Banh mi on Bergen.

Imagine my elation, on a recent fall day, at seeing a post on trumpeting a new banh mi purveyor.  Imagine also that this restaurant was situated not three blocks away from my apartment, on Bergen St. just off Smith.  Given my previous adulation for banh mi, you can easily imagine me pestering friends and acquaintances with progress reports over the next three months, as the shop took shape.  No more pestering, though – Hanco is open and serving sandwiches.

I’m sure most of the people who actually were the beneficiaries of my status reports would probably rather have been talking about something else, but this is banh mi – the sandwich king of the eastern hemisphere, and one of the city’s premiere cheap eats.  Banh mi shops moving from Sunset Park northwards are still a big deal, as when Nicky’s established the banh mi’s northern perimeter the East Village.  (And, incidentally, just like it was a big deal when the Easy Street Café in Waitsfield/Warren, Vermont served a “Vietnamese sandwich” with most of the right ingredients – unlike the bizarre slab of cold liverwurst I found between the bun, the idea of banh mi seems to be spreading.)

Hanco opened Friday, according to one of their employees, and business has been quite brisk since that time (I saw what looked like a big line on Saturday, with plenty of people sipping on bubble tea – Hanco’s other specialty).  I stopped in Sunday after a run to pick up a classic sandwich ($4.25), which I toted home with all the glee of a third grader with a sackful of Halloween candy.  Tearing into the sandwich, which I had ordered spicy, I immediately noticed a few things.  First, somewhat unsurprisingly, it wasn’t spicy at all (no red sauce present, no jalapeños present).  I’m going to stare them down (hypnotism?) while saying spicy next time, a tactic which seems to work best in the non-Sunset Park banh mi shops.  Second, the usual banh mi cold toppings were augmented by slivers of a green pepper, which presented some additional crunch, and the only hint of spice in the whole sandwich.  Maybe they were outside slices of the jalapeños – they tasted somewhat similar.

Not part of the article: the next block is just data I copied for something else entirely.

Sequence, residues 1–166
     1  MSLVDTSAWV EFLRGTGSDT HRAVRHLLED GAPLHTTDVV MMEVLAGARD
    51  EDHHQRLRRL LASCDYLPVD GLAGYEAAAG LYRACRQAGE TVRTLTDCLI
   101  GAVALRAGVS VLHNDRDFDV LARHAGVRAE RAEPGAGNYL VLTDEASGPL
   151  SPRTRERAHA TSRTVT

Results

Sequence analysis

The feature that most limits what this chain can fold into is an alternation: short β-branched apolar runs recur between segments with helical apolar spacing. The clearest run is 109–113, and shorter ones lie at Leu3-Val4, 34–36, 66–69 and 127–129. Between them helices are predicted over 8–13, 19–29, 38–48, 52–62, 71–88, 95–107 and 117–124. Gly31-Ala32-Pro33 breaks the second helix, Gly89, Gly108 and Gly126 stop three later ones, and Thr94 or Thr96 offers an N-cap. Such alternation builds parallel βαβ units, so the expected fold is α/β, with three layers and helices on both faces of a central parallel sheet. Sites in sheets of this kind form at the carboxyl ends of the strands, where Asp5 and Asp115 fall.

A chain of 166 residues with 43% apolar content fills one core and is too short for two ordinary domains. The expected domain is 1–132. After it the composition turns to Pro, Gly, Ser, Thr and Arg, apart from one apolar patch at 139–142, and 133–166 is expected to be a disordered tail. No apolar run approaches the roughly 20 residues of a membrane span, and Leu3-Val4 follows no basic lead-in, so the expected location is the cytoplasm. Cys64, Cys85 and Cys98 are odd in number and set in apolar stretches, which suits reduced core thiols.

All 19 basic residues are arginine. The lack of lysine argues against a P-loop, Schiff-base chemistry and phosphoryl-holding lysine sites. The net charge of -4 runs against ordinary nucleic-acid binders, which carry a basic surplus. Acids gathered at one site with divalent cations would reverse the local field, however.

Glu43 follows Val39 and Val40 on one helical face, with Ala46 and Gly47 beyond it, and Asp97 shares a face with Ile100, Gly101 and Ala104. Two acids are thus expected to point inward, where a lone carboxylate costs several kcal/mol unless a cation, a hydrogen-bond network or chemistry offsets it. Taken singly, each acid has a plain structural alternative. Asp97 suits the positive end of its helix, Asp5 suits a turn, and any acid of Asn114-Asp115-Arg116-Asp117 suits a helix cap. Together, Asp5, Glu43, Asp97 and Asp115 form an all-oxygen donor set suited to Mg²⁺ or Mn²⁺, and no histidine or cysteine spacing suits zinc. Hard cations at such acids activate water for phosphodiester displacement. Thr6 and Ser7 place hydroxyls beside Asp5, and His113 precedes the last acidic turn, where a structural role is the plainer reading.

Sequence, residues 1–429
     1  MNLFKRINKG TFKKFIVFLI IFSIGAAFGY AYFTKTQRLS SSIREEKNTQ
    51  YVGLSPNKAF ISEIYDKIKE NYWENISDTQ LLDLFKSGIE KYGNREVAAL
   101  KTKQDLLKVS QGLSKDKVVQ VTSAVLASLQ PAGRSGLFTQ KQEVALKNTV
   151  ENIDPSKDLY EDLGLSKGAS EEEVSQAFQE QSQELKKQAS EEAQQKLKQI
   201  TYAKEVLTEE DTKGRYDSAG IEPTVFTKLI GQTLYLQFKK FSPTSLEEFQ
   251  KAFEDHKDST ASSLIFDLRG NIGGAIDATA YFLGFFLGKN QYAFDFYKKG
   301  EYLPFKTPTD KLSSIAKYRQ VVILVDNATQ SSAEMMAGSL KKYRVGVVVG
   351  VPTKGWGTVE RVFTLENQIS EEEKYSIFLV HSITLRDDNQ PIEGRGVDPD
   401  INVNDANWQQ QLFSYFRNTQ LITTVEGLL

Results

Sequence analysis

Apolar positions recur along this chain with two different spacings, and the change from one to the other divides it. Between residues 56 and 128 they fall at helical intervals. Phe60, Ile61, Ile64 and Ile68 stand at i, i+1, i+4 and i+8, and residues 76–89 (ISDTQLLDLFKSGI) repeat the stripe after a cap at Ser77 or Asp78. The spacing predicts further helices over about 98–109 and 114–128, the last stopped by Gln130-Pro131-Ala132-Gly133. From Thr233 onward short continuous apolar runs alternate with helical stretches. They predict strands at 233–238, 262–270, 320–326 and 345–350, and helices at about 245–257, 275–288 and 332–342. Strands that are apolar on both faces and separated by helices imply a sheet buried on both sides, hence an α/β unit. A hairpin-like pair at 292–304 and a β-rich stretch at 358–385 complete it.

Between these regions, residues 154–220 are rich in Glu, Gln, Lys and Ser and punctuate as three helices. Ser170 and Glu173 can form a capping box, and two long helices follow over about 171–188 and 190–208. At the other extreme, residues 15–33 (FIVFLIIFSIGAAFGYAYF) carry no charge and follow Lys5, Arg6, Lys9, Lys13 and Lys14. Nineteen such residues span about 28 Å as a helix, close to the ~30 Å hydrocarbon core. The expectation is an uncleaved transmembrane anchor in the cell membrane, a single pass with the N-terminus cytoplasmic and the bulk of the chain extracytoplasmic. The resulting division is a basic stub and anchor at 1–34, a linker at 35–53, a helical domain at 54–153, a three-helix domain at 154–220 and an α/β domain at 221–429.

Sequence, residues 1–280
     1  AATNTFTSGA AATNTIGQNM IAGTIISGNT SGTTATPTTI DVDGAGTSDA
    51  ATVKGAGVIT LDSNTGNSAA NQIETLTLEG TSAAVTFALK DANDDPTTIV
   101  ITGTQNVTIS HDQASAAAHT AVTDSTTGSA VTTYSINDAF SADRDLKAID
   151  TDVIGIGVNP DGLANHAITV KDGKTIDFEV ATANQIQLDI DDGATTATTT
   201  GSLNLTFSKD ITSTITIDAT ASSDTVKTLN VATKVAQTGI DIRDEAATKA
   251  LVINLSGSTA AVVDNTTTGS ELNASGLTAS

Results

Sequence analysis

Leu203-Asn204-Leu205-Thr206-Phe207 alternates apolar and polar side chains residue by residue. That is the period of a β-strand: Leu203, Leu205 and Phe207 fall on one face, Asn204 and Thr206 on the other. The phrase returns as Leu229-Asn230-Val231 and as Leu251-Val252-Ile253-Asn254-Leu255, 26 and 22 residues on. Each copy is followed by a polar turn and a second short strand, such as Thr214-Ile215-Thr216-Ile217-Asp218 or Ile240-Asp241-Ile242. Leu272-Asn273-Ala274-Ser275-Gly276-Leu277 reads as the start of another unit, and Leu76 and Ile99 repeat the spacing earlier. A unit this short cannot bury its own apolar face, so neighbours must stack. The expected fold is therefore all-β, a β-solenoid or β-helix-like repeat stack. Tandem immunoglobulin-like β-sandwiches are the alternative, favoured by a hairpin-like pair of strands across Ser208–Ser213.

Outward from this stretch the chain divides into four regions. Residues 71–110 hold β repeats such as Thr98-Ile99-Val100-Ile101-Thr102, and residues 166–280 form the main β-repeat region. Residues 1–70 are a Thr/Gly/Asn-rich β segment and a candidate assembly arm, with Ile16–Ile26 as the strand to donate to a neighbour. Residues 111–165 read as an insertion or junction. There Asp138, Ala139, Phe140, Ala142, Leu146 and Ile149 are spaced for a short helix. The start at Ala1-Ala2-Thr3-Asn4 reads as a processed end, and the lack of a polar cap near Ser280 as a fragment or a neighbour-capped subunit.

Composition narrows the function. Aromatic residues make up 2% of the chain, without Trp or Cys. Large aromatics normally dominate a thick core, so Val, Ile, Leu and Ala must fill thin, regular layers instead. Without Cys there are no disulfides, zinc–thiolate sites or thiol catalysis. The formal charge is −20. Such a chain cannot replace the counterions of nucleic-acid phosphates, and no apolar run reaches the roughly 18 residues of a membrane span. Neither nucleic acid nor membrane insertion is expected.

Fortunately, the meat and bread were as warm as they should be, though the bread could have been a bit toastier.  I wouldn’t say that the sandwich is as big as Banh Mi So 1 or Ba Xyugen, either, but it’s larger than I remember Nicky’s being.  Also, the mixed bunch of carrot/lotus root seemed to be rather precariously placed on top of everything else, such that an un-careful bite might result in the entire blob coming off in your mouth.

Minor concerns, really – the banh mi has made it to Boerum Hill.  Hopefully this second step into the gringo-populated nabes is a harbinger of things to come.  For instance, I’d be extremely pleased to have banh mi walking distance from work, even if my friends weren’t – I’d certainly start pestering them with status reports anew.


Filed under NYC

3 responses to “Banh mi on Bergen.

  1. Anonymous

    Where do you think the *best* bahn mi, worth the schlep to far and away places is.I’m not so interested in spicy, but that combo of really crispy bread, soft, very smoky pate and bright cilantro/carrots/vinegar rocks my world.Suggestions o-great-food-blogger?

  2. The best one I had was at Ba Xyugen (I think that’s the right spelling?). Unusually for banh mi, it was drippy with something or other – oil, perhaps. Is it worth the schlep to Sunset Park? If you like banh mi, you’ve got to try it.On the other hand, if you get a fresh made one at Banh Mi So 1, that’s nearly the equal. The problem is that they’re very inconsistent – the ideal scenario is to come in when someone’s ordering about 25 sandwiches and get one, so you know they’ve done everything just then in a large quantity.I haven’t tried so many of the other places in Sunset Park, or many Chowhounds’ favorite, Saigon Banh Mi.

  3. Carrol Gardens Resident

    Warning: Hanco’s on Bergen St is insanely slow when it comes to service. Excellent food, but be prepared to wait almost an HOUR for a sandwich, which is kind of ridiculous when you consider that aside from the unique ingredients, the assembly process is no different than, say, a Subway or your corner bagel joint.

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